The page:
Don't Forget to Mine Your Acre of Diamonds

The market for landscaping services is much stronger, so you need to make sure you're not leaving any money on the table.

Jon Zertuche - 2008
Jon Zertuche - 2008

A guy named Russell Conwell used to tell the story of “The Acres of Diamonds.” The story was about a farmer who lived on the banks of the River Indus in Pakistan. He had heard about the fortunes being made by people mining for diamonds in Persia, Palestine and Europe. He decided to sell his farm and take the proceeds to go prospecting for diamonds. As the story goes, three years later he ended up broke and destitute, and fell into a river and drowned. In the meantime, the person who bought his farm discovered, you guessed it, diamonds.

Unfortunately, the original farm owner did not recognize what diamonds looked like in the rough, and did not realize he had a fortune under his feet while he had owned his farm.

Many Green Industry business owners are a lot like that farmer. They don’t realize the potential value they have with their present client base. They do not realize that their present customers have other needs that their business could fill for them. They assume that the best place to look for more business is in “new” customers, spending precious advertising money on monthly coupon mailers; advertising in the local newspaper, chamber directories or business journals; and on website banner advertising.

Advertising to the masses is not a bad idea, but you do want to limit it. That's because it can be very expensive. As Jay Conrad Levinson, author of the book "Guerilla Marketing," has taught us, your ratio for advertising should be divided up so that you spend:

  • 10% on the universe (that is anybody and everybody, i.e. ads in newspaper, mailings, internet banners, etc.)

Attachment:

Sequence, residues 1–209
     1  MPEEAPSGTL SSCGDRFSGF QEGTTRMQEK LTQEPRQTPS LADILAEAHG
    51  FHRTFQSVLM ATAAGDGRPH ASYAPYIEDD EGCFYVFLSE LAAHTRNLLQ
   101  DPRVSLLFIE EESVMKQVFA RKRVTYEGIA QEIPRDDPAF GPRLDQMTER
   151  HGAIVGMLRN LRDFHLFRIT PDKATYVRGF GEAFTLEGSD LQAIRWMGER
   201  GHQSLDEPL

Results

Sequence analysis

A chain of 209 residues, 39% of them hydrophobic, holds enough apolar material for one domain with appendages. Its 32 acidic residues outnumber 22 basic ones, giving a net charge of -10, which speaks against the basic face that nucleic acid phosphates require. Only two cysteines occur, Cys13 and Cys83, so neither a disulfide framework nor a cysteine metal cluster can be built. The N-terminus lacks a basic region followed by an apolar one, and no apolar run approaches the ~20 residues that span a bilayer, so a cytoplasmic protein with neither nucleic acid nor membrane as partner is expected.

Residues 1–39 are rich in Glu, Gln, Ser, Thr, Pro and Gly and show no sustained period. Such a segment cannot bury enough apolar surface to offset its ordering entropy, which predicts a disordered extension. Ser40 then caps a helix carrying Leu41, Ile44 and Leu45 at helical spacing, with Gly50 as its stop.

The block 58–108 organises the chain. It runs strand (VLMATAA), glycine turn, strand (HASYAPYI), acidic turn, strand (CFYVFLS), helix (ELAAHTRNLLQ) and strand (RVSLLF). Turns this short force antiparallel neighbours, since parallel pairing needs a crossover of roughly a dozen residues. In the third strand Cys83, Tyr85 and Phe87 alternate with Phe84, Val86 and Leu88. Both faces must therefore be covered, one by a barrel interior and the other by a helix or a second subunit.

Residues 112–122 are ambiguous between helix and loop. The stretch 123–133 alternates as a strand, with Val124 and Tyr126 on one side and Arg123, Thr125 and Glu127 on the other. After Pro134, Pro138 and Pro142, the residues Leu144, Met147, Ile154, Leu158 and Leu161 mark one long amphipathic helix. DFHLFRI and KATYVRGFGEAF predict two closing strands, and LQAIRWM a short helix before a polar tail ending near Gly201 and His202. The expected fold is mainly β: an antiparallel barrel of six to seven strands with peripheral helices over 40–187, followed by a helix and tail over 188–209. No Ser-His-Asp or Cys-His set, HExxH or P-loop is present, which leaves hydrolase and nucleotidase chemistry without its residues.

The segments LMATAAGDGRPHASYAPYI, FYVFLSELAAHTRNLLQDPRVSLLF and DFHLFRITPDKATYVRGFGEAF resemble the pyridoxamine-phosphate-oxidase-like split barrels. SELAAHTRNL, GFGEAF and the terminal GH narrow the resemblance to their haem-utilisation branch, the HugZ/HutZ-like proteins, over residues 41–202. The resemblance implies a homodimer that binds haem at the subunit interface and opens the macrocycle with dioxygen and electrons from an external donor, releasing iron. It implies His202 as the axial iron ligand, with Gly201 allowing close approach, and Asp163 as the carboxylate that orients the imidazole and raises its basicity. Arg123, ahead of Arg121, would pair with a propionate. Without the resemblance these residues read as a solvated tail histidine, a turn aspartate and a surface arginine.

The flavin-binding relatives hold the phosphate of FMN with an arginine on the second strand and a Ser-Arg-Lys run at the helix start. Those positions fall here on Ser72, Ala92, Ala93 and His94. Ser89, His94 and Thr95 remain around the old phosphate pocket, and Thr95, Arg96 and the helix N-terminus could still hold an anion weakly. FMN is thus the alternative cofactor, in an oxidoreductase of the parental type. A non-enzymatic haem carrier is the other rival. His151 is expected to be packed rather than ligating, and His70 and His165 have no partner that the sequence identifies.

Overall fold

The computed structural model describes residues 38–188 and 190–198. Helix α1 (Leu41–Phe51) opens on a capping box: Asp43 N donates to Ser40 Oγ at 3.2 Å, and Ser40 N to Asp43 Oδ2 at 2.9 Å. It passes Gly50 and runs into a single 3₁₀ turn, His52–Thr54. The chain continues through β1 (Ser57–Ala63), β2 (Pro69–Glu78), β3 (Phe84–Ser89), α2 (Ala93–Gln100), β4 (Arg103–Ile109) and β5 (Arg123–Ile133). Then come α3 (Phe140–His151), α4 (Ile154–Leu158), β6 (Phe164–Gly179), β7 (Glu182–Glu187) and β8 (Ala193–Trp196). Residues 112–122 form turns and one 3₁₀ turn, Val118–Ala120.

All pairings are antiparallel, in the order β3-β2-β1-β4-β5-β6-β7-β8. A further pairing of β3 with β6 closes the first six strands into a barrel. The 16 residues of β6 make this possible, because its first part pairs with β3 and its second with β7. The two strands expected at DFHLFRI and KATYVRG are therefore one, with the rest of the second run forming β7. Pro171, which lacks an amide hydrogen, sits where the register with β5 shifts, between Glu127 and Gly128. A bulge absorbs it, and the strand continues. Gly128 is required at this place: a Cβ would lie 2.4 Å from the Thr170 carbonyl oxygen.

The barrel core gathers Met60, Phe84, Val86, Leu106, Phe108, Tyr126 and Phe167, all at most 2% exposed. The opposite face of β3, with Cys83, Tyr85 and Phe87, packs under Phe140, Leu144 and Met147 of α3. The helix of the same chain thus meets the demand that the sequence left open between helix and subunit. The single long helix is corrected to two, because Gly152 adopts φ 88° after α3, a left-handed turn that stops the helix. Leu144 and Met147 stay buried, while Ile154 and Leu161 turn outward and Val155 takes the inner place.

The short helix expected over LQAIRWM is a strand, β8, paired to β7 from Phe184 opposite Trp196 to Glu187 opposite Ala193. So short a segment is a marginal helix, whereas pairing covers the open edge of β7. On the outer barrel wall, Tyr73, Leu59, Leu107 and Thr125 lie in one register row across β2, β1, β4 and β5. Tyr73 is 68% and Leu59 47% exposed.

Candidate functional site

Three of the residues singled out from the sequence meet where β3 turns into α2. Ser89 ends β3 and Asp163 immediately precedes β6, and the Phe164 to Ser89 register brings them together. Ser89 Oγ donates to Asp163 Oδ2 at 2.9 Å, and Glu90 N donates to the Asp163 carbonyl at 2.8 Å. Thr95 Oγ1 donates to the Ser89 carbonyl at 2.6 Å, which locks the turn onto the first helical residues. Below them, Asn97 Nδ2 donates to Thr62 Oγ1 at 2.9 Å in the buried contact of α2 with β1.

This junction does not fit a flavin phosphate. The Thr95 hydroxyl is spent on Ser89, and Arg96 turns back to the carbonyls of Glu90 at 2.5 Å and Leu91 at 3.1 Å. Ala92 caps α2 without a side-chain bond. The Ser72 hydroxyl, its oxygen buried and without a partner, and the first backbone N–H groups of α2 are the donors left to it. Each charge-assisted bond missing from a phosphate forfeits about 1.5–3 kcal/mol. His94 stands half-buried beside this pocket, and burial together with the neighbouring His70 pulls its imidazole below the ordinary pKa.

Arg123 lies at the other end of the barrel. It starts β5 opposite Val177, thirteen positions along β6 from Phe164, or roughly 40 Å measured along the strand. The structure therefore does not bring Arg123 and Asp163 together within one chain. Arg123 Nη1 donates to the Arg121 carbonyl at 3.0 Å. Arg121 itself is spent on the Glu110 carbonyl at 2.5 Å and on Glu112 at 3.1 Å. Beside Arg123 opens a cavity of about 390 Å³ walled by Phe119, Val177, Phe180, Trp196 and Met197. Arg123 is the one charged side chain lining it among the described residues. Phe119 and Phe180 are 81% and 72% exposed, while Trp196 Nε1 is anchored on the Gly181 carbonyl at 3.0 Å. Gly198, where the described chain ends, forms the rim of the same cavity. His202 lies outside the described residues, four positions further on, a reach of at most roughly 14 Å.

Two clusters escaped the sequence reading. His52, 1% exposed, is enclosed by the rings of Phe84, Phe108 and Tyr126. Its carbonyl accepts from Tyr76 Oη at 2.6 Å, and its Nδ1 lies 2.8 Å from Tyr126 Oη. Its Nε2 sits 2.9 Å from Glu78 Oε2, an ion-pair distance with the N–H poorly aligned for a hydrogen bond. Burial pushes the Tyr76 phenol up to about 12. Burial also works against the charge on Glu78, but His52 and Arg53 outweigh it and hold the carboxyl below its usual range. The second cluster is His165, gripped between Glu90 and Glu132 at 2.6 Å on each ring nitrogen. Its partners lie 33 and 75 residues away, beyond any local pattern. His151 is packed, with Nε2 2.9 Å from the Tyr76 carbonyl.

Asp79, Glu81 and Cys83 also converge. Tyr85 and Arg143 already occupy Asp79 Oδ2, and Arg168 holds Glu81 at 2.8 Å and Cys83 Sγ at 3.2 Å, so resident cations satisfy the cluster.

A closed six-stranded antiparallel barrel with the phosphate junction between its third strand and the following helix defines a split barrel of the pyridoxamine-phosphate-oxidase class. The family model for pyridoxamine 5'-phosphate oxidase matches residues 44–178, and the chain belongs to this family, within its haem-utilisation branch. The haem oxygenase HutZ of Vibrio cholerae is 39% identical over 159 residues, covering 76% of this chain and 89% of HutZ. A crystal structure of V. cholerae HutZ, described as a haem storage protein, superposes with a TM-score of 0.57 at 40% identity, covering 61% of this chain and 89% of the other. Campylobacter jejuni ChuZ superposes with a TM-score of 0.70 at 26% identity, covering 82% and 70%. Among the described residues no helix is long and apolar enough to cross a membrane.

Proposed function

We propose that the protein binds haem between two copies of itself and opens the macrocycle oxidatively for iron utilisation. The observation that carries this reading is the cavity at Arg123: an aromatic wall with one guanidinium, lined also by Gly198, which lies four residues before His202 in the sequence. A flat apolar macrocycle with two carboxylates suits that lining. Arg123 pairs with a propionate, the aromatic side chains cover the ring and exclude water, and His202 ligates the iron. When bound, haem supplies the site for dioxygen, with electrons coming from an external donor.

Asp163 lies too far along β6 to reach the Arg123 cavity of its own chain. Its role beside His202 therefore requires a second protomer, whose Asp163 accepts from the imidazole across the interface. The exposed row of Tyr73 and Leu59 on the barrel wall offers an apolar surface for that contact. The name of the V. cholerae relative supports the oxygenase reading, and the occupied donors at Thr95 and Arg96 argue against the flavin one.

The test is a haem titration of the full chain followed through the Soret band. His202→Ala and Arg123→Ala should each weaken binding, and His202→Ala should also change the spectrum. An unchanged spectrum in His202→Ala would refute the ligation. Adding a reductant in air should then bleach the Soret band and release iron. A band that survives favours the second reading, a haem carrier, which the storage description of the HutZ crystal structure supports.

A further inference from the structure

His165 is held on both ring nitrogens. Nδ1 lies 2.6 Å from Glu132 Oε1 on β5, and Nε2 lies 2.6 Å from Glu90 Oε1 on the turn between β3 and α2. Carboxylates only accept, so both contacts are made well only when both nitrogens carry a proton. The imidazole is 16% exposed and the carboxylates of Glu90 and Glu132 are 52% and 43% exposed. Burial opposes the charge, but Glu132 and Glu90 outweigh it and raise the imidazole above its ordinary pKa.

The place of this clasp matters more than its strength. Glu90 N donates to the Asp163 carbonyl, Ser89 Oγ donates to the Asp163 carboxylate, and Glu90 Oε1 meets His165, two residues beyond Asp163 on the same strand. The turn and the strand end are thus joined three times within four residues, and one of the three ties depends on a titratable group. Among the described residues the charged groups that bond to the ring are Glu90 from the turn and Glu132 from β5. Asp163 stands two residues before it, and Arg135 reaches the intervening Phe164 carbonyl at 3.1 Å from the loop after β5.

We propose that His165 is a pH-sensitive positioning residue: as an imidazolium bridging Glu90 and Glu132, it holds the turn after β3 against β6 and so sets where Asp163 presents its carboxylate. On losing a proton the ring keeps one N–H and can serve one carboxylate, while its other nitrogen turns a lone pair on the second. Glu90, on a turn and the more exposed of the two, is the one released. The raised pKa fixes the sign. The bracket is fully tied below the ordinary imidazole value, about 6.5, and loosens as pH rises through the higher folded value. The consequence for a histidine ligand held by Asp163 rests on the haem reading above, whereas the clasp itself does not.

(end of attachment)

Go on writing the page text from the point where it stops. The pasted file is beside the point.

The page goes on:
• 30% on a qualified prospect list
  • 60% on your present client base

Start learning what your clients need

One of the best ways to sell more to your present client base is to discover what their additional needs are. Start talking with your customers on a regular basis. Start asking questions. As someone once said, “It is amazing what you can learn by just listening.” It also helps to take good notes.

One of my clients, Maverick Property Maintenance, started asking the right questions and making a list of the services their customers were requesting be delivered. Once they compiled an extensive list, they decided which services they could start providing. Some were things they had never considered offering. But given the skill sets of his crews, the company owner knew they could easily provide them. Additionally, these were services other companies were providing. But because Maverick Property Maintenance had already established a trusted business relationship with these customers, the customers preferred that Maverick provide the services.

Some of the services Maverick's clients requested included:

  • Shrub trimming, weeding and bed edging
  • Tree trimming
  • Organic fertilization
  • Sprinkler system repair
  • Repositioning of sprinkler lines and heads to optimize coverage
  • Installation of new sod
  • New landscape construction

The amount of money some of Maverick Property Maintenance's clients started spending per year was mind boggling. Some had a five-fold increase.

So what kinds of services can you supply to your clients? Now that the market for landscaping services is much, much stronger, it's a great time to start having these conversations with your existing customers.